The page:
Tuesday, June 7, 2011

Bounties of the sea

It has been hot and sticky all week with barely a breath of wind. Every so often a gentle breeze passes through the boat. We moved around to the north side of the uninhabited island where for the most part we had the bay to ourselves. Every day we swam in the warm sea, snorkeled on a small reef and walked on the wild windswept beach where fishing debris was washed up on the shore and small tidal pools of iridescent colours divided the sand from the sea.

Underwater, conch were lying everywhere but unlike the myriad of undersized empty shells that were on the beach we were intent on picking one that was the right size and not too young or too small. The West Indies Pink Conch is a shellfish with a spiral shell. They are a delicacy out here and can be eaten in a variety of ways including conch fritters, conch curry and cracked conch. We eventually came across one where the flare of the shell (the lip) seemed to be the right size. We dived down and picked the shell up off the grassy seabed where they like to live. The next job was the coax the animal out of its home. This is not easy. Sim and I have had (semi) serious rows whilst trying to extract the animal in the past. But this time under expert advice previously stored away from friends on how to do this, we were successful. Sim counted three notches in from the largest point and then made an incision with a hammer and chisel. A sharp knife is then inserted and the animal is severed from its muscle attaching itself to the shell. This is not for the faint hearted. A slime that is slimier then the slimiest slime gets everywhere and is hard to remove from your hands and tools. The animal finally dropped out of the shell and we took it back to the boat to prepare for conch fritters. The black slug like skin and claw are then cut away and the white meat that is left is tenderized with a mallet. We then cut the meat into tiny pieces and mixed it together with finely chopped onion and a little green pepper, flour, water, baking powder and an egg before shallow frying small spoonfuls in a pan. Delicious! With that and freshly made cheese rolls we had a meal fit for kings.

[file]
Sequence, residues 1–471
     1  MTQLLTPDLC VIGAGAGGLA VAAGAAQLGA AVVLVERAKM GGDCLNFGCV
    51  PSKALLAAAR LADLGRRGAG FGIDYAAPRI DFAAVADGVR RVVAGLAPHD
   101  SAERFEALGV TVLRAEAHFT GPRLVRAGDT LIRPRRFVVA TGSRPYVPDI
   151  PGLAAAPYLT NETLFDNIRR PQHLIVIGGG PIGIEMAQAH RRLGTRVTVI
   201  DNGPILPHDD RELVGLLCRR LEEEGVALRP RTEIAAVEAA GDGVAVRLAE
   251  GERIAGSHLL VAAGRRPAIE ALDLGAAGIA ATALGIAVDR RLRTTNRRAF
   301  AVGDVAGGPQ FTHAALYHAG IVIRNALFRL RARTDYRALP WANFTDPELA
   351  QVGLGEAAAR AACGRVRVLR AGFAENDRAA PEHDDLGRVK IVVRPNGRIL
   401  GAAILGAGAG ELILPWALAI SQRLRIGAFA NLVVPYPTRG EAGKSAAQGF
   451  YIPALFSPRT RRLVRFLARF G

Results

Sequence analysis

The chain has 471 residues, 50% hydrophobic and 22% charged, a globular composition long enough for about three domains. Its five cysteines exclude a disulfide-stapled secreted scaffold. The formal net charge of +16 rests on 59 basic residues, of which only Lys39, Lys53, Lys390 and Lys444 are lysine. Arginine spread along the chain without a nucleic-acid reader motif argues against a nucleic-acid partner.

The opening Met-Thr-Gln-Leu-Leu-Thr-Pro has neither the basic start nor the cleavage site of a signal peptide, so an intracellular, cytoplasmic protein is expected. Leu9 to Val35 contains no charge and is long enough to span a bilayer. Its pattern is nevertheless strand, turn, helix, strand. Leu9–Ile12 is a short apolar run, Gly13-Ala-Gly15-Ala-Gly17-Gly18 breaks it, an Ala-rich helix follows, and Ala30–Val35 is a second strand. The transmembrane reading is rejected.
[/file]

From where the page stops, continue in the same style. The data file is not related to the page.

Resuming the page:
Later in the week we moved around to English Harbour. With yet another pretty anchorage to add to the list, English Harbour is another special place. A green hillside slopes down to a sandy beach lined with palm trees and small chalets dot the shoreline. This harbour was used in the 18th century by Lord Horatio Nelson and has been restored to its former glory and is a popular hangout with yachties especially the rich ones. The entrance to the harbour is guarded by rocks on one side and Fort Berkely on the other which made it the perfect location for a naval base. Meg took us out for a lovely meal at Johnny Coconats on the waterfront where we were wooed by the man himself. We caught up briefly with Sam and Jon on Imagine of Falmouth, who very kindly gave us a couple of Tuna fillets that they had caught on their trip over – Sim with his aversion to fish went ashore and bought chicken for himself!

After a brief stop in Falmouth harbour with spectacular displays from the pelicans we once again got on the move. A steady breeze filled in and we pulled out the sails and chucked a fishing line over the side. Just as we were rounding the corner of the island Sim noticed that we had something on the line as the bungee sprang tight. We pulled in the hand line to find a 3lb Bullet mackerel just over a 1ft long. Caribbean Mackerel is not like the Mackerel we have back in the UK; it is a much darker meat similar to Tuna. We bled the fish and gutted it. The kitty was on her best behaviour, although dribbling at the jaws while we were cleaning the fish. Tonight at the “Sea View” restaurant aboard “Alianna”, we ate fresh Mackerel steaks on the BBQ even Sim graciously joined us albeit with a slightly smaller steak. Yummy! Oh how we love to live off the bounties of the sea.

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